Building a playhouse
Radio interview source: Jarret Magbee, CEO, The Garlinghouse Company
My dad built my daughter, Caroline, a playhouse out of lumber scraps from his woodworking projects. It is rectangular, with one door at the end and one in the middle. Dad added windows, put shingles on the roof, and decorative trim around the edges. When Caroline was nine, we converted the playhouse to a chicken coop when she started 4-H.
Jarret Magbee is the CEO of a company that sells plans for playhouses, and says little people don't need a whole lot of space, but it's up to you.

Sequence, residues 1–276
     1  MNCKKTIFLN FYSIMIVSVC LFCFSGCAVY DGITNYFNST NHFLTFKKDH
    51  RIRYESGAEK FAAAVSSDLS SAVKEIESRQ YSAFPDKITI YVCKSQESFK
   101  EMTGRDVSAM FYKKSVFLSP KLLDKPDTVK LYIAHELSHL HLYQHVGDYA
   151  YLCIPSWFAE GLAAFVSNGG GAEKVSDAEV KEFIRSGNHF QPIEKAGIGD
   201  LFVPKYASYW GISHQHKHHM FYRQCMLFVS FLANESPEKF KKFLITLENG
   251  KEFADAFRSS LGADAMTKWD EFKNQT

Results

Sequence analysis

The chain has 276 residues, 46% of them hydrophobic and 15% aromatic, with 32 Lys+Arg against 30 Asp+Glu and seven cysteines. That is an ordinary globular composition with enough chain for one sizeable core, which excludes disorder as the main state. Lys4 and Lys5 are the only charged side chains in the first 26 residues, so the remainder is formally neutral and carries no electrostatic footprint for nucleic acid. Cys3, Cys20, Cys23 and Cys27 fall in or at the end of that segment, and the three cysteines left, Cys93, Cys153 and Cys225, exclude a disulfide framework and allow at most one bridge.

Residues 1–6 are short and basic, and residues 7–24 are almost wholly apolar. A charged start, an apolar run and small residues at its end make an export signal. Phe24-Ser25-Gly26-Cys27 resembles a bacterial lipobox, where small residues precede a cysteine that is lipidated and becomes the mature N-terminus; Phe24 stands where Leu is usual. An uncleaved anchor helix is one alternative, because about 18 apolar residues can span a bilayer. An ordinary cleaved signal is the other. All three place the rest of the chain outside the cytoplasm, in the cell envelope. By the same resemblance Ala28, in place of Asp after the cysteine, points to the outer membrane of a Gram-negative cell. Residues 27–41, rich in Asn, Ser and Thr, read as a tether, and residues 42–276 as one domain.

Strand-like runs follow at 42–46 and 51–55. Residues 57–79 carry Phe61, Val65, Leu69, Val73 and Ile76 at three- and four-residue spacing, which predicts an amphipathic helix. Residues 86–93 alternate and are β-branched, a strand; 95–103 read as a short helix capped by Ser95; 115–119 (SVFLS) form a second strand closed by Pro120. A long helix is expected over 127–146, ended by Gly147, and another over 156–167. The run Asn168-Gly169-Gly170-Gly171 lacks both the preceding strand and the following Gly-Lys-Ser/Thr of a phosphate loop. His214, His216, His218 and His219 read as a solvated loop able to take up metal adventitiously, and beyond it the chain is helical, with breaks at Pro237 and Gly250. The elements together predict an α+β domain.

"Typically a playhouse is in the 4-, 6-, or 8-foot-wide realm, or somewhere in that area," Magbee says. "And the height of it is scaled to the child, and so usually the wall height is 6 feet instead of 8 feet. It's more like a 4-1/2-, 5-, or 6-foot plateline, so it's in proportion to the children that are playing inside."
It's unlikely that you'll need a permit to build a playhouse, but most builders recommend keeping it under 100 square feet, just the same.
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